Step back from the structure and wording of the source text, get rid of unnecessary repetitions, and look out for false friends. Part of fluency is also spotting any stylistic, spelling or punctuation mistakes that might have been missed in the human post-editing stage.
Consistency: Since each segment was edited by different editors, the reviewer must ensure that there is consistency across segments (this may relate to how words are translated, or style). For example, if the word email appears in three different segments, it should be translated in the same way.
As with tasks, no specific academic background in translation and/or linguistics is required to work on reviews. It’s not mandatory for the reviewer to be a native speaker either in the source or target languages.
As we require the freelancer to have actively worked at least six months on the platform to be promoted, we expect the reviewer to have advanced knowledge in editing all types of content uploaded by our clients (customer service, marketing, legal, gaming, travel and hospitality, and finance).
- Independent and/or proficient language level (source and target languages);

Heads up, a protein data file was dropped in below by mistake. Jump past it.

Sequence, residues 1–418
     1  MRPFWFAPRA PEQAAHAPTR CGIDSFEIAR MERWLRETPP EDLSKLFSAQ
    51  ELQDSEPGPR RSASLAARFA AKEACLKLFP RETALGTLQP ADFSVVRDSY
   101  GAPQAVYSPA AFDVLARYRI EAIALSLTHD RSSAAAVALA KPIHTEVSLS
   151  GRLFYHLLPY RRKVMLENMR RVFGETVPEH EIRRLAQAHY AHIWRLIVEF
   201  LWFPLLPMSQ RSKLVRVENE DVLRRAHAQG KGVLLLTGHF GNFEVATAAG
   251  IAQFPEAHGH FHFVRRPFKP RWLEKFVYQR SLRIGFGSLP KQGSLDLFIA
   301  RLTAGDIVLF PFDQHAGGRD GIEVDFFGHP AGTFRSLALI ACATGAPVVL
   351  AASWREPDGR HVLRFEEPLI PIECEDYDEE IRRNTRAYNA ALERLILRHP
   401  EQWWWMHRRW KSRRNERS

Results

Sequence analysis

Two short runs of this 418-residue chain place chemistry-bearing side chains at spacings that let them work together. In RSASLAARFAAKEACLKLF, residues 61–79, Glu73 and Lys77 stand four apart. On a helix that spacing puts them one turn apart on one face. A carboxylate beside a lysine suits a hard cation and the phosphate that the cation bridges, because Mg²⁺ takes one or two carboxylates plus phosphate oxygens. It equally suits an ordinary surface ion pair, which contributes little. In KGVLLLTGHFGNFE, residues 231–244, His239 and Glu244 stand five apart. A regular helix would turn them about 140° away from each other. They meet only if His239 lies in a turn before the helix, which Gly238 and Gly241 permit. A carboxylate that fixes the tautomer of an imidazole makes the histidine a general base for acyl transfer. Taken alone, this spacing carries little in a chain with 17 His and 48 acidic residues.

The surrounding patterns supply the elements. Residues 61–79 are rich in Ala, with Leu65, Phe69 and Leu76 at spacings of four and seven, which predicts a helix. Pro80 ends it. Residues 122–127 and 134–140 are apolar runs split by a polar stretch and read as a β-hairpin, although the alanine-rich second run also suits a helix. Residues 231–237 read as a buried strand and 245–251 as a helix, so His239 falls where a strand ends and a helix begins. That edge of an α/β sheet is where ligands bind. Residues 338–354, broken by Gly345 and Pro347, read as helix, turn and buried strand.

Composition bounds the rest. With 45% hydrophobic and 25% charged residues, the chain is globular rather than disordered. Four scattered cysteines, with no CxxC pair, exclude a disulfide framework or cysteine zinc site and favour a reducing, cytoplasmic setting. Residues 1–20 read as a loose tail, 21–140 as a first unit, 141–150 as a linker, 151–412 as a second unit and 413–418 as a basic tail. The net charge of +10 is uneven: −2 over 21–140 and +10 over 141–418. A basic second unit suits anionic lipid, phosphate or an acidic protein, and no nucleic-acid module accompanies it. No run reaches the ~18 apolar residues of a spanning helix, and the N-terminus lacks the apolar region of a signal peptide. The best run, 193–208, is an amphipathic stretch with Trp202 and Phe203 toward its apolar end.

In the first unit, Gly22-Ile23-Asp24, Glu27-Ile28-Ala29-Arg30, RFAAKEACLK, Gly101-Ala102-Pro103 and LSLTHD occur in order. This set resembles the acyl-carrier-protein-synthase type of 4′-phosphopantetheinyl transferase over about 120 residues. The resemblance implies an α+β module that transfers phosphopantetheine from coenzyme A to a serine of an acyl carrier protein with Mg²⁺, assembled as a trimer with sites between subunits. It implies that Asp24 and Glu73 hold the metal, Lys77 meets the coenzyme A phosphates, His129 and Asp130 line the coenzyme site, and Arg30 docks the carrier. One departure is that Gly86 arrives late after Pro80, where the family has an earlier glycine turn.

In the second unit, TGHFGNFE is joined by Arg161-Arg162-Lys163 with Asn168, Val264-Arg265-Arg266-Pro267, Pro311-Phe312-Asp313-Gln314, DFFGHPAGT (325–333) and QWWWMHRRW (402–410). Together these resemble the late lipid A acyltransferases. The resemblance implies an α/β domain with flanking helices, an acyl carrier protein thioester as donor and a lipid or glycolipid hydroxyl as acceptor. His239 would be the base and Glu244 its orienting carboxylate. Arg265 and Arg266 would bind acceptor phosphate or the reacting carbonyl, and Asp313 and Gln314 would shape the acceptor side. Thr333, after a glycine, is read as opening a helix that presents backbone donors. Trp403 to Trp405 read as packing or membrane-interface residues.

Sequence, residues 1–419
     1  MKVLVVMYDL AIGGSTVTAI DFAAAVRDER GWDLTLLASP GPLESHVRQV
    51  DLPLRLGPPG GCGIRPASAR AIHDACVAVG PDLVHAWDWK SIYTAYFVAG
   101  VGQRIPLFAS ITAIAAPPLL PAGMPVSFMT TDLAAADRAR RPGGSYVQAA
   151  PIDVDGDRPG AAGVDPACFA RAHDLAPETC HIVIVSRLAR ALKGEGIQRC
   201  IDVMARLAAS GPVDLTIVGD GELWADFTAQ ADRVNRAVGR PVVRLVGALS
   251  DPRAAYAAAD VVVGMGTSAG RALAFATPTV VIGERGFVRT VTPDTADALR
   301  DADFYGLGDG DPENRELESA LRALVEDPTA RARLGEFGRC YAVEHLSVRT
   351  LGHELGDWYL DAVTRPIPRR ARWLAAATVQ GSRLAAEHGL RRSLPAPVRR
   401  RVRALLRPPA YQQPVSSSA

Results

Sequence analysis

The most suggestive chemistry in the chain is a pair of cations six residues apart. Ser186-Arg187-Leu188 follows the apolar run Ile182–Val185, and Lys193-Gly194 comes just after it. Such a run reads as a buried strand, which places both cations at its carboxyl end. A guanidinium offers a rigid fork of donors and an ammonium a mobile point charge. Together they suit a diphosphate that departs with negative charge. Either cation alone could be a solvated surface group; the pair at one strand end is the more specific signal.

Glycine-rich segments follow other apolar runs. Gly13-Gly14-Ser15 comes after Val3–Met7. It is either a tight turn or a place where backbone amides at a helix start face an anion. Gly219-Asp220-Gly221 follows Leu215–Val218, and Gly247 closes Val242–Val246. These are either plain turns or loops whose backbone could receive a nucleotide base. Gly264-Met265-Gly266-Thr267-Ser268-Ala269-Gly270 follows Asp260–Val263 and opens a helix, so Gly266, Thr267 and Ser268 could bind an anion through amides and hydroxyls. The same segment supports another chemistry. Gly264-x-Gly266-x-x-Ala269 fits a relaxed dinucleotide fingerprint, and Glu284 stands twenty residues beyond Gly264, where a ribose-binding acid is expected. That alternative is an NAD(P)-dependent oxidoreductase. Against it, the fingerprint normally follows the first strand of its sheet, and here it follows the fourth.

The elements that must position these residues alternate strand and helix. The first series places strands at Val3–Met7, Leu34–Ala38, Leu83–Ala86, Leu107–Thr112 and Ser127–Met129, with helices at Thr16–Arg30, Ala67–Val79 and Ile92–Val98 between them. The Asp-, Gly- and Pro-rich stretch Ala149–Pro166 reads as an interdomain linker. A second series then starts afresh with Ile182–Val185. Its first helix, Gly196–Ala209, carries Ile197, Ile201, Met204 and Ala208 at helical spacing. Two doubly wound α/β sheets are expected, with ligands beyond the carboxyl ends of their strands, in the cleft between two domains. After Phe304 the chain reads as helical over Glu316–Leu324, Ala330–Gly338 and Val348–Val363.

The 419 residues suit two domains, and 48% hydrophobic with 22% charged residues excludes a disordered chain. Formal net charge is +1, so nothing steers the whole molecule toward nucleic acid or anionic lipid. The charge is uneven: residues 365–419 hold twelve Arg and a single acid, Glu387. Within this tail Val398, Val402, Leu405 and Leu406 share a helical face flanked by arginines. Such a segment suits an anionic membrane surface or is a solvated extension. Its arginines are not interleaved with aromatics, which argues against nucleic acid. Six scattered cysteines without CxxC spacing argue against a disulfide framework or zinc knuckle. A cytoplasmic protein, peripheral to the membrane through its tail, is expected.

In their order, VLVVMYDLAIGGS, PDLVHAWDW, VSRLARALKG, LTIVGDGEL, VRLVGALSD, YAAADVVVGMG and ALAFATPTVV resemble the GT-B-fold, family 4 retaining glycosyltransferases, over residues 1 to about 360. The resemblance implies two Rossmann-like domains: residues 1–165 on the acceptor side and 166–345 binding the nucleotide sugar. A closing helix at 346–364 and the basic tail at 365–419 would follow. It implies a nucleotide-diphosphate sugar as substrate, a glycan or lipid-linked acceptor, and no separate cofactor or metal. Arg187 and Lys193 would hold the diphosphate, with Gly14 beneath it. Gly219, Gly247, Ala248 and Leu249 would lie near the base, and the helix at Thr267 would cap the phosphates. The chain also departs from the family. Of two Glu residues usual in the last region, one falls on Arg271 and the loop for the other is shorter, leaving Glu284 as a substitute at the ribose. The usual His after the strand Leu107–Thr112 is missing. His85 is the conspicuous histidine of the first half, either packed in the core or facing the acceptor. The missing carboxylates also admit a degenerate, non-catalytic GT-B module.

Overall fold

- Understanding of what makes an accurate and fluent translation;
- Good sense of customer expectations and ability to adjust to the customer's style;
- High engagement with community related updates and good communication skills;
- Attention to detail;
- Time management skills.
- First, look at the text: spend some time going through the text to decide whether it’s possible to work with it or not;
- Focus on client instructions: start by understanding the customer's style and tone (plus whether the register is formal or informal). Since a reviewer has more time to complete a review than a task, they can check the client’s website for specific terms and more context on the service/product provided;
- Read source and target texts carefully before changing any terms;
- Refer to the Language Guidelines and Glossary terms and check if they have been correctly and consistently applied. At the end of each of the Language Guidelines, you will find a list of useful online resources such as dictionaries, thesauruses and academic papers;